During the remainder of that day and Monday, when the weather was very clear, both ships cruised over the place of meeting, but neither the Niagara nor Gorgon was there, though day and night the look‑out for them was constant and incessant. It was evident then that the Niagara had rigidly, but most unfortunately, adhered to the mere letter of the agreement regarding the 100 miles and after the last fracture had at once turned back to Queenstown. On Tuesday the 6th, therefore, as the dense fogs and winds set in again it was agreed between the Valorous and Agamemnon to return once more to the rendezvous. But as usual the fog was so thick that the whole American navy might have been cruising there unobserved; so the search was given up, and at eight o’clock that night the ship’s head was turned for Cork, and, under all sail, the Agamemnon at last stood homewards. The voyage home was made with ease and swiftness considering the lightness of the wind, the trim of the ship, and that she only steamed three days, and at midday on Tuesday, July 12th, the Agamemnon cast anchor in Queenstown Harbour, having met with more dangerous weather, and encountered more mishaps than often falls to the lot of any ship in a cruise of thirty‑three days.

Following the arrival of the Agamemnon Cyrus Field proceeded to London to report to the board. A number of members including the chairman, Sir William Brown, were all for selling off the remaining cable and equipment and distributing the money raised between the shareholders. There were however enough willing to try again, including Professor Thomson, Curtis Lampson who became deputy chairman and Stuart Wortley who took over as chairman following the resignation of Sir William Brown. Orders were sent to Queenstown and the squadron set off from there on Saturday 17th July 1858.


As reported:

As the ships left the harbour there was apparently no notice taken of their departure by those on shore or in the vessels anchored around them. Everyone seemed impressed with the conviction that we were engaged in a hopeless enterprise; and the squadron seemed rather to have slunk away on some discreditable mission than to have sailed for the accomplishment of a grand national scheme. It was just dawn when the Agamemnon got clear of Queenstown harbour, but, as the wind blew stiff from the south‑west, it was nearly ten o’clock before she rounded the Old Head of Kinsale, a distance of only a few miles. The weather remained fine during the day; and as the Agamemnon skirted along the wild and rocky shore of the south‑west coast of Ireland, those on board had an excellent opportunity of seeing the stupendous rocks which rise from the water in the most grotesque and fantastic shapes. About five o’clock in the afternoon Cape Clear was passed, and though the coast gradually edged away to the northward of our course, yet it was nearly dark before we lost sight of the rocky mountains which surround Bantry Bay and the shores of the Kenmare river. By Monday, the 19th we had left the land far behind us, and thence fell into the usual dull monotony of sea life.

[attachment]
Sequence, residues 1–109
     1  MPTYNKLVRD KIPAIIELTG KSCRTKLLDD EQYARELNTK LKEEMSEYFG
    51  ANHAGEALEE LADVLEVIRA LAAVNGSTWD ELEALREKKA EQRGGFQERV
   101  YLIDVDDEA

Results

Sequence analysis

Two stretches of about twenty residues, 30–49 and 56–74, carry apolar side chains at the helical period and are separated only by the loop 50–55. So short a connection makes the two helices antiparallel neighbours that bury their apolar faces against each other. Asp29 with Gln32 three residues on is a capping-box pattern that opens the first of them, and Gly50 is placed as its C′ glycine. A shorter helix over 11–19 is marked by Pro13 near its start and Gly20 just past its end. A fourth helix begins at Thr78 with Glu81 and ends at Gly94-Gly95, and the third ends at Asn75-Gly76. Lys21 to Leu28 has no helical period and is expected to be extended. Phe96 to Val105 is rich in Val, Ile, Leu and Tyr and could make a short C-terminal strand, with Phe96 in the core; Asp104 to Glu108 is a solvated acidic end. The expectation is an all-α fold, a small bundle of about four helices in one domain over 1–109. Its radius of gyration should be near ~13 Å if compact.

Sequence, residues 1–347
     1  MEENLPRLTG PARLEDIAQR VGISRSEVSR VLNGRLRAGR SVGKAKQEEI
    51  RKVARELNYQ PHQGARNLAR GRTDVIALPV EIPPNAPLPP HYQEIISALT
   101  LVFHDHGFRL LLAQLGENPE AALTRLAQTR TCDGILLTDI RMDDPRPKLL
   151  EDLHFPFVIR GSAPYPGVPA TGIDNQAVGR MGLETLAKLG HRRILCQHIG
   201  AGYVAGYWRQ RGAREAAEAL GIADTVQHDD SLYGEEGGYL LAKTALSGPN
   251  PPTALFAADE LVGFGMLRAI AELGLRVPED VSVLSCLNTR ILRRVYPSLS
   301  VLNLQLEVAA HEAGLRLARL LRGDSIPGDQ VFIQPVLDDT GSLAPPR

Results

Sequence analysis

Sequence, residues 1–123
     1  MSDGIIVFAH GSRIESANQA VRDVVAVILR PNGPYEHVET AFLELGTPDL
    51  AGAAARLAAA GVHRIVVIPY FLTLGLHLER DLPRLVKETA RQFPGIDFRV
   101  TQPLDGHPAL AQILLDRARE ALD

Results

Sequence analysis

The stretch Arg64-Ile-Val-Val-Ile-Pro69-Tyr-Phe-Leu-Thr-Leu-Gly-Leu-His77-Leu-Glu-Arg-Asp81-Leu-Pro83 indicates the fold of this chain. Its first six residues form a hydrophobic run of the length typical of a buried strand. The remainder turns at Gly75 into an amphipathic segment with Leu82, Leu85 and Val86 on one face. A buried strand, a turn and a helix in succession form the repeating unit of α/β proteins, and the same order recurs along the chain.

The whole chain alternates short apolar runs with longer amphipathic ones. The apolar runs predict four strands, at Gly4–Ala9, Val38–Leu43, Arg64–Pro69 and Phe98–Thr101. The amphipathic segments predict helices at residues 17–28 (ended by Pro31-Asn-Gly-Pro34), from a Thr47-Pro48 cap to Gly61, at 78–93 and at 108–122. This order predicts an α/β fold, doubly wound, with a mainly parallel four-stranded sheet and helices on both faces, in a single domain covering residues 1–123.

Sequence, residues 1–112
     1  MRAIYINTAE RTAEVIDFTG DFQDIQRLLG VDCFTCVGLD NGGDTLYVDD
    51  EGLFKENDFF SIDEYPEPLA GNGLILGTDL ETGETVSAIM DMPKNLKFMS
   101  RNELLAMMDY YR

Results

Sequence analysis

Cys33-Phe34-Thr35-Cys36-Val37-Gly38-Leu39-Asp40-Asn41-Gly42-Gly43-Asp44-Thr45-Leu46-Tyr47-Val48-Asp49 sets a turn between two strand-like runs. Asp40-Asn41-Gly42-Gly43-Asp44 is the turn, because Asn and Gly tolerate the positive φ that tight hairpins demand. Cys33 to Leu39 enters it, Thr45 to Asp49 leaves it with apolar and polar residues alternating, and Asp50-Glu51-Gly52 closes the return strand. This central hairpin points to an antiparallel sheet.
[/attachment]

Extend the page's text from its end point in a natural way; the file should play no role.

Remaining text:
Of the voyage out there is little to be said. It was not checkered by the excitement of continual storms or the tedium of perpetual calms, but we had a sufficient admixture of both to render our passage to the rendezvous a very ordinary and uninteresting one. For the first week the barometer remained unusually low, and the numbers of those natural barometers—Mother Carey’s chickens that kept in our wake kept us in continual expectation of heavy weather. With very little breeze or wind, the screw was got up and sail made, so as to husband our coals as much as possible; but it generally soon fell calm, and obliged Captain Preedy reluctantly to get up steam again. In consequence of continued delays and changes from steam to sail, and from sail to steam again, much fuel was expended, and not more than eighty miles of distance made good each day. On Sunday the 25th, however, the weather changed, and for several days in succession there was an uninterrupted calm. The moon was just at the full, and for several nights it shone with a brilliancy which turned the smooth sea into one silvery sheet, which brought out the dark hull and white sails of the ship in strong contrast to the sea and shy as the vessel lay all but motionless on the water, the very impersonation of solitude and repose. Indeed, until the rendezvous was gained, we had such a succession of beautiful sunrises, gorgeous sunsets, and tranquil moonlight nights as would have excited the most enthusiastic admiration of anyone but persons situated as we were. But by us such scenes were regarded only as the annoying indications of the calm which delayed our progress and wasted our coals. To say that it was calm is not doing full justice to it; there was not a breath in the air, anti the water was as smooth as a mill‑pond. Even the wake of the ship scarce ruffled the surface; and the gulls which had visited us almost daily, and to which our benevolent liberality had dispensed innumerable pieces of pork, threw an almost unbroken shadow upon it as they stooped in their flight to pick up the largest and most tempting. It was generally remarked that cable laying under such circumstances would be mere child’s play.